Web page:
Hudson had the highest ERA-FIP among starters with a minimum of 60 innings pitched last year, and, frankly, it wasn’t close. The second-highest mark to his -1.55 ERA-FIP was Erick Fedde’s -1.21 ERA-FIP. The gap between Hudson’s mark and Fedde’s is as large as the gap between the second-highest mark posted by Fedde and the 13th-highest mark (-0.87 ERA-FIP) totaled by Michael Wacha. Hudson was exceptionally lucky last year, and the other shoe should drop this year.

The 25-year-old righty needed a perfect storm of good fortune to total a 3.35 ERA, as his skills-based stats were bad. Among qualified starters last year, Hudson’s 6.8 K-BB% was the second-worst mark, per FanGraphs, and it was the product of both a below-average strikeout rate (18.0 K% compared to 23.0 K% for league average) and dreadful walk rate (11.4 BB% compared to a league average of 8.5 BB%). He allowed a .275 BABIP in his starts, and that was well below his .320 BABIP allowed in 150.1 innings pitched at the Triple-A level in 2017 and 2018 combined.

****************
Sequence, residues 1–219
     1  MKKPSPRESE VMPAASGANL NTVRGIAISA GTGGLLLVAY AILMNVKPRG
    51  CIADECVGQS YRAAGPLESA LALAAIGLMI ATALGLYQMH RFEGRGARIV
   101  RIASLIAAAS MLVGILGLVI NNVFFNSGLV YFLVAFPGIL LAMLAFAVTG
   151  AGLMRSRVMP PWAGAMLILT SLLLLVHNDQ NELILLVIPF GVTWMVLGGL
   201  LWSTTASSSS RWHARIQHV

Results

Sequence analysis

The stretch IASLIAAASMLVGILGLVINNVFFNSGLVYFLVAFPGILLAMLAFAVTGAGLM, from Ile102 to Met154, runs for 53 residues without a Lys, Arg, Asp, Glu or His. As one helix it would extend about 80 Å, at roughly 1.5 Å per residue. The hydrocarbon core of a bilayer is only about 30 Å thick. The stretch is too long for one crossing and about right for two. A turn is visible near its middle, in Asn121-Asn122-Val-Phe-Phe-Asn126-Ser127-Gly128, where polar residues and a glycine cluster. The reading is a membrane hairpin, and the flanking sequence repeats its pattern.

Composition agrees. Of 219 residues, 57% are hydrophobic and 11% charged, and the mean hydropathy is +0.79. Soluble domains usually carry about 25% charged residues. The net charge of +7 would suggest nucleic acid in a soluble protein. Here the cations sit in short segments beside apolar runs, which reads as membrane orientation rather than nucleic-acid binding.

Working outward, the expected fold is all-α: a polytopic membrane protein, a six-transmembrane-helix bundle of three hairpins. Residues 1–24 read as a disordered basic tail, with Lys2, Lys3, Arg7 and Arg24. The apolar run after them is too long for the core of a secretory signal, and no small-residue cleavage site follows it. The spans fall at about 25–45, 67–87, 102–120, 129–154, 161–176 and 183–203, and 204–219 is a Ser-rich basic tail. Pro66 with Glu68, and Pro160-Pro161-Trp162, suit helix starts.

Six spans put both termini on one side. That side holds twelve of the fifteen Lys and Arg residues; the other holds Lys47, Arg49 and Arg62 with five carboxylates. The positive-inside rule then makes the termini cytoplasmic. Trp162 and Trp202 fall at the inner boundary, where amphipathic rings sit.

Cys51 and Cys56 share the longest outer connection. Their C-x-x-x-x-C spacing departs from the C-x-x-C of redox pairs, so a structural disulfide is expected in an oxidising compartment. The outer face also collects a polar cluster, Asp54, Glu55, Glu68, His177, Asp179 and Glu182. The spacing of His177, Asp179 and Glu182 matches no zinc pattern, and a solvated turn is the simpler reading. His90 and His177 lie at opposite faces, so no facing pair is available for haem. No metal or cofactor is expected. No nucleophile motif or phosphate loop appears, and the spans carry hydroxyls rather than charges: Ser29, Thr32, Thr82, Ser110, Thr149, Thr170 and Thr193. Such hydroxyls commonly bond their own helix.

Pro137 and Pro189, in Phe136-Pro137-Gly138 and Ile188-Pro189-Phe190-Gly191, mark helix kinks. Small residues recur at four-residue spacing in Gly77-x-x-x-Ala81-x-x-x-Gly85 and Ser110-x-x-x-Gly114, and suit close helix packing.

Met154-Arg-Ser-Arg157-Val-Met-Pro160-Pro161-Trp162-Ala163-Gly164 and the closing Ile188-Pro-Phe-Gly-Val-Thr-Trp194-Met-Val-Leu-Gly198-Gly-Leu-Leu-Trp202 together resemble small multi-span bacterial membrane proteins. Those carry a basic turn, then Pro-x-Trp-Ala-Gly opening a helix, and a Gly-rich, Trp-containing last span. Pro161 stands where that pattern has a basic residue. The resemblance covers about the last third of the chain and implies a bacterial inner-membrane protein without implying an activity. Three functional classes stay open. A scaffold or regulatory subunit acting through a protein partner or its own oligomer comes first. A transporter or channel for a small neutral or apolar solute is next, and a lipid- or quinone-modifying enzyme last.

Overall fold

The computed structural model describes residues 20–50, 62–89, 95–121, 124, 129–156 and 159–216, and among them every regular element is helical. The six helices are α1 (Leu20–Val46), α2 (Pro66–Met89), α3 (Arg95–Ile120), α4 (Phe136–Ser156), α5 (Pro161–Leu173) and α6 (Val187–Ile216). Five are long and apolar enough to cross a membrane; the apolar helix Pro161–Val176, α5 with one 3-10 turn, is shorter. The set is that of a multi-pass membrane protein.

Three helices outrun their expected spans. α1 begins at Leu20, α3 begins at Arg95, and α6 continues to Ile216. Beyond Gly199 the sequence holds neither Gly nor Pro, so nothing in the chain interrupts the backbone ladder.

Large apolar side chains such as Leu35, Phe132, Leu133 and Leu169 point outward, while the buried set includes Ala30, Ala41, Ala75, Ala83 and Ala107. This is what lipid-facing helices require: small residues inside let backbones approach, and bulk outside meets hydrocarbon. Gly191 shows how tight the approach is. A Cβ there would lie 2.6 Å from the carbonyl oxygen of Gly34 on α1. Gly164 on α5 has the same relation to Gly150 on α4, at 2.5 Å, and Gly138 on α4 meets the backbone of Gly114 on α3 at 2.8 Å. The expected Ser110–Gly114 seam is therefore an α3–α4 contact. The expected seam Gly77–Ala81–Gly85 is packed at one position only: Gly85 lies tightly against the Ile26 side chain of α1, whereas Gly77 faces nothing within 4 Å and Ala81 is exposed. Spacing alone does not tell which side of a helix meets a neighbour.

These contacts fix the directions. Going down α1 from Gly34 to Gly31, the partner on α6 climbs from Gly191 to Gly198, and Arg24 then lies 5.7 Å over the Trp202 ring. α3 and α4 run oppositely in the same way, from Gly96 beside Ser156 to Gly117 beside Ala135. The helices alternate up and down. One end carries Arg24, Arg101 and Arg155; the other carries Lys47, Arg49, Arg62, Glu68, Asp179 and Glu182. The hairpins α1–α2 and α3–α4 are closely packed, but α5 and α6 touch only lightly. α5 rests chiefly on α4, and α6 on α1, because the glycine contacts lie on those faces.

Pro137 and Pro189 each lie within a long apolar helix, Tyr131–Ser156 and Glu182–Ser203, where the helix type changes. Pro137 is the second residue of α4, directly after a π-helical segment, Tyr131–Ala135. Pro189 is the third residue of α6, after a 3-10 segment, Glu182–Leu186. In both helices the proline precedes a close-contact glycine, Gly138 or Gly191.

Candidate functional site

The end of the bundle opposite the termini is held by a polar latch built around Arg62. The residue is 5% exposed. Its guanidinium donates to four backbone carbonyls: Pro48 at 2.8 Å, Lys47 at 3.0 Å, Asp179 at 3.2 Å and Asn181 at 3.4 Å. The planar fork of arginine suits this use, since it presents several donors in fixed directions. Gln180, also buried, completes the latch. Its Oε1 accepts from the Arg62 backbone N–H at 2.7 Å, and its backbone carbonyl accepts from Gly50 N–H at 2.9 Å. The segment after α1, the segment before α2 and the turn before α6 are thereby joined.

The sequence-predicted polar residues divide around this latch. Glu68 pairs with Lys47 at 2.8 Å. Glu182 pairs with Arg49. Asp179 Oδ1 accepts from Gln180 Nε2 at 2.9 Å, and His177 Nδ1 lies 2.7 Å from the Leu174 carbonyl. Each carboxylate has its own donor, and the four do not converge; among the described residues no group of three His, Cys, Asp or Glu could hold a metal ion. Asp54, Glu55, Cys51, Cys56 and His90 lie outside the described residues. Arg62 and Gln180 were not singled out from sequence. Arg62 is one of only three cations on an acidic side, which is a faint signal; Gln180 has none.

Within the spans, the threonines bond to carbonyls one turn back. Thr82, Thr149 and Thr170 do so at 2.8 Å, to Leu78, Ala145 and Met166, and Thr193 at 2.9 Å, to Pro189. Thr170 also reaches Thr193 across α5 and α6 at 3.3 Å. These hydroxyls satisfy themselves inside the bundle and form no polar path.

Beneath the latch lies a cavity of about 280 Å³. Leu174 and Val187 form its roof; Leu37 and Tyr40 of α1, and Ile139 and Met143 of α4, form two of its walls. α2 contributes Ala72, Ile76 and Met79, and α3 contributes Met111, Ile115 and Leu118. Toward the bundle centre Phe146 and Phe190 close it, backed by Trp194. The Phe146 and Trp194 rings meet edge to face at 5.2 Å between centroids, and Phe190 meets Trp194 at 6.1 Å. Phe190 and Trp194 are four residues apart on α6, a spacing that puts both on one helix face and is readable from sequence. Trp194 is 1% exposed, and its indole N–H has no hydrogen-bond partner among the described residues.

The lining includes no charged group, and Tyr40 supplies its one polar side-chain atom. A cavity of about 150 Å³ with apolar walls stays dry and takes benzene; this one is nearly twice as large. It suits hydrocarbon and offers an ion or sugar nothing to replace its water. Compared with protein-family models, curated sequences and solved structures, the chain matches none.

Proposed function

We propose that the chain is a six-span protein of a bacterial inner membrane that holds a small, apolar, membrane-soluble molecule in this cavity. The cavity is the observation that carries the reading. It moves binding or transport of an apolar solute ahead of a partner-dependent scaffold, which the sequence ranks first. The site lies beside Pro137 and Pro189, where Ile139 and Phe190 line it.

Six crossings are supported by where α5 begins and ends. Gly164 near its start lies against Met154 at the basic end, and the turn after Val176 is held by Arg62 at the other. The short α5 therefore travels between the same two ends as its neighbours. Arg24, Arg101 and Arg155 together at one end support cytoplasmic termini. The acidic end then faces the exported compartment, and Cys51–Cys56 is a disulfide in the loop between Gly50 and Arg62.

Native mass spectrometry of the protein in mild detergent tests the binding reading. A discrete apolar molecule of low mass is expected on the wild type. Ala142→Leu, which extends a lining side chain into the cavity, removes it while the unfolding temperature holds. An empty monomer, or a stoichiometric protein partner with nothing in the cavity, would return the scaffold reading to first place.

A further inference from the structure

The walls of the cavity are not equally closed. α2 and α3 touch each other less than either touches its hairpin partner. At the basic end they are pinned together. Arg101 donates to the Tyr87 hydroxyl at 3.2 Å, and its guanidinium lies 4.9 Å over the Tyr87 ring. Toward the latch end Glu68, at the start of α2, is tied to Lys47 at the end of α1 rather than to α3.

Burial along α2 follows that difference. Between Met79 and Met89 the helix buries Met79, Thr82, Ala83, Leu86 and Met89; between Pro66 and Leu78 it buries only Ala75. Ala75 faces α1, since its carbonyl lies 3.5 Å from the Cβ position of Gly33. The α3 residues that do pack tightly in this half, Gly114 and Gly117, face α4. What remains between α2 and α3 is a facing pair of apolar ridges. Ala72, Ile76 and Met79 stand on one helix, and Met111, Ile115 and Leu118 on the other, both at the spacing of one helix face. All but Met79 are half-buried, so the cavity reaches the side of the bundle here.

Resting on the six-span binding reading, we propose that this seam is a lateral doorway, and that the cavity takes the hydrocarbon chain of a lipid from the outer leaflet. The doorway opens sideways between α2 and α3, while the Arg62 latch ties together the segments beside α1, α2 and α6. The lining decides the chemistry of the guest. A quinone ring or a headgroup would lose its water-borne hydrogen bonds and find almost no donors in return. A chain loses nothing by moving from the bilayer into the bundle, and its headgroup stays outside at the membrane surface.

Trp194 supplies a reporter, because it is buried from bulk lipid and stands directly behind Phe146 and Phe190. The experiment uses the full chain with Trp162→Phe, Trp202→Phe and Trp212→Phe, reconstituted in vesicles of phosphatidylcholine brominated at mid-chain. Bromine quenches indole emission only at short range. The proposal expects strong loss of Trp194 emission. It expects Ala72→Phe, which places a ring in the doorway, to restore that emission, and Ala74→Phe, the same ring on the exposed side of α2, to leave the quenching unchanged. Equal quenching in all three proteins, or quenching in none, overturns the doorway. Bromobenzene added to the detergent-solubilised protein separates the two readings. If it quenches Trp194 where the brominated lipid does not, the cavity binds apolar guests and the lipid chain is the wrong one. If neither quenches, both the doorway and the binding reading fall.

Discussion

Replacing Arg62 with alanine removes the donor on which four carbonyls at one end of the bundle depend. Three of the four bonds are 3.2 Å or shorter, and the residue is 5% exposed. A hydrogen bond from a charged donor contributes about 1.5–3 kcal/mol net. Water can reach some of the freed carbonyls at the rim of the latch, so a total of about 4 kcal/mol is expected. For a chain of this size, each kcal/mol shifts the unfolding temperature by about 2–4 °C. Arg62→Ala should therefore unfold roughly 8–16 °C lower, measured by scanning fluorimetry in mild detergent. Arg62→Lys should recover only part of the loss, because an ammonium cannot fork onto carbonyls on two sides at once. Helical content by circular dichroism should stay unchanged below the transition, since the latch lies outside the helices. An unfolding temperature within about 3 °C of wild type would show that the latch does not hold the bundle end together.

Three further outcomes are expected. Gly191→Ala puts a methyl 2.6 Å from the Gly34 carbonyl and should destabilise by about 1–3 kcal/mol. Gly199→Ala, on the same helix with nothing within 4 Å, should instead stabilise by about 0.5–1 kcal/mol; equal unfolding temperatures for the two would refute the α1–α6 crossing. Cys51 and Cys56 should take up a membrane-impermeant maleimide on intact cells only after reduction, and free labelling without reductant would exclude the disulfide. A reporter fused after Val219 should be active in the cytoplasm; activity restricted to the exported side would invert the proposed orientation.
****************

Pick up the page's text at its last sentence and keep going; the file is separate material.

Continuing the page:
Even with exceptional luck in 2019, Hudson ranked as the 53rd-most valuable pitcher, per our Value-Based Ranking (VBR). Hudson’s ADP is just outside the top 250, but he’s not even worth a pick inside the top-350 players. He’s a pitcher to avoid.

Dallas Keuchel (CHW): -0.97 ERA-FIP, ADP: 237.7
Keuchel’s season got off to a late start — in large part — due to a broken compensation system that hurts non-star level players. Teams didn’t want to fork over a pick for signing Keuchel as a result of him turning down a tender from the Astros. Ultimately he signed with the Braves in early June after the MLB Amateur Draft took place and Atlanta would no longer have to forfeit a pick for signing him.

Despite the late start, if you look at just his 3.75 ERA, you wouldn’t think he skipped a beat from totaling a 3.74 ERA the year before. In 2018, his 3.74 ERA was largely supported by a 3.69 FIP, 3.84 xFIP, and 4.15 SIERA. The same can’t be said about his 3.75 ERA with the Braves that was accompanied by a 4.72 FIP, 4.06 xFIP, and 4.39 SIERA. The southpaw had a career-best 80.4 LOB% that helped him significantly best his ERA estimators. For his career, he owns a 73.9 LOB%.